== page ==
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Anthropology in The Miami Herald

Yesterday writer Mary Jo Melone wrote an op-ed piece in The Miami Herald in response, or lack there of, by Governor Rick Scott of Florida and the recent findings by forensic anthropologists at the Dozier School for Boys. The piece, entitled Gov. Scott, anthropology and Dozier School for Boys is below:

When it comes to bad news, the truth is always inconvenient. And so it was last week, when forensic anthropologists from the University of South Florida reported on the expanding horrors at the now-shuttered Dozier School for Boys in Marianna, where, in the state’s name, boys in trouble were sent for over a century.

The anthropologists found that 96 children and two adults died, including two 6-year-olds. Fifty graves have been found on the property, not the 31 that the Florida Department of Law Enforcement (FDLE) reported two years ago. Nothing remarkable about its number, FDLE said then.

Hooey, said the men who still bear the scars of being there.

Agriculture Secretary Adam Putnam has asked the FDLE to review the anthropologists’ claims and report to the governor and the Cabinet.

Although the Juvenile Justice Department has said it will cooperate further with the University of South Florida researchers — who suspect the existence of a second burial ground at Dozier — the current occupant of the governor’s mansion has been silent as a stone on the subject.

It may be that Gov. Rick Scott still doesn’t understand that much of a governor’s most important work is symbolic, and that it is vital that the man who represents the state represent its highest moral standards in both action and speech.

Or it could be that Gov. Scott knows that if he speaks about the University of South Florida investigators’ findings about Dozier, he’ll get tongue-tied when it’s time to utter the word anthropology.

Last year, the governor complained about how useless the subject was. He was talking about his desire to shift state university spending away from the liberal arts and put the money into science, technology, engineering and math — the so-called STEM fields — because that’s where he believes all the jobs are.

“Is it a vital interest of the state to have more anthropologists?” Scott asked. “I don’t think so.”

There has been much speculation that the governor singled out anthropology because his daughter holds an undergraduate degree in the field. Perhaps he disapproved and extended his ideas of being a dad and of pleasing a dad to state policy.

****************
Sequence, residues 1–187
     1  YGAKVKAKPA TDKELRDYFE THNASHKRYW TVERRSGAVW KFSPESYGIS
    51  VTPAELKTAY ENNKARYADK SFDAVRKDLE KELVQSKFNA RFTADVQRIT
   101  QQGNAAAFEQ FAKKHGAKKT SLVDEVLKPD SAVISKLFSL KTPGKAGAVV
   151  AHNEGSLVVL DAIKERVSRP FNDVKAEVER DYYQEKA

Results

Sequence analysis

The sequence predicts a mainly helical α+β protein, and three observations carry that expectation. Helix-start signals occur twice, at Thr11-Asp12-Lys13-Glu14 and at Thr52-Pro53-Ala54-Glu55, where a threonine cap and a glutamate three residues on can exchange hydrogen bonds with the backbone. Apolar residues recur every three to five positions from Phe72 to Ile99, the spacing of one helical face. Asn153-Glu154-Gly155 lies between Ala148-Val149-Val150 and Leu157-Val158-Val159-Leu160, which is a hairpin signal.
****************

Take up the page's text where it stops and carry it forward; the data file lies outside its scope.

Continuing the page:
Whatever it was, Scott earned the wrath of the American Anthropological Association and anthropology faculty across the state.

Moreover, what came off as his disdain for the liberal arts in general created fear over the future of liberal arts.

Those are the so-called mushy fields, like history, English and psychology, in which people reflect on who we are and what and where we’ve been — on other words, on the human condition.

It’s a subject that also affects the governor, who sometimes needs to be reminded of his own humanity. (Remember testing welfare recipients for drugs?)

Now the University of South Florida department website includes a video response to the governor, in which numerous graduate students detail the kind of work they do in all kinds of fields: healthcare for veterans and farm workers, attendance at state parks, homicide investigations, consumer use of technology, and, the grad students said, the development of statistics he has used to support his argument on behalf of STEM education.

With the Dozier investigation, you could also argue that anthropologists peer into the darkest corners of the human experience and Florida history.

Gov. Scott probably won’t send anthropologists any more money. However, given the work the anthropologists did at Dozier, at least he should send the researchers at the University of South Florida a thank-you note.

Mary Jo Melone, a former columnist with the Tampa Bay Times, is a writer in Tampa.

To read the original article, visit The Miami Herald.

Experienced Meeting Goer Provides Presentation Tips To Newbies

Today’s guest blog post is by AAA member, Kirsten Bell. Bell discusses how to present a paper at an anthropology conference.

How to deliver a paper at an anthropology conference

By Kirsten Bell

Academic conferences, as several observers have noted, are a singularly understudied phenomenon.  One of the more profound insights on this topic is to be found in an article by Jacobs and McFarlane published in, of all places, the Journal of Computer Assisted Learning.  They note that conferences are sites where inexperienced neophytes learn how to become professionals – how to (quite literally) walk the walk and talk the talk.   While we learn from the practices and attributes of our individual teachers, it is only at our discipline’s most cherished events that we get to see The Anthropologist as a larger species of academic in all of his or her glory.  Thus, more than any other academic pursuit, be it fieldwork, writing or teaching, it’s at conferences that we learn how to inhabit an anthropological habitus.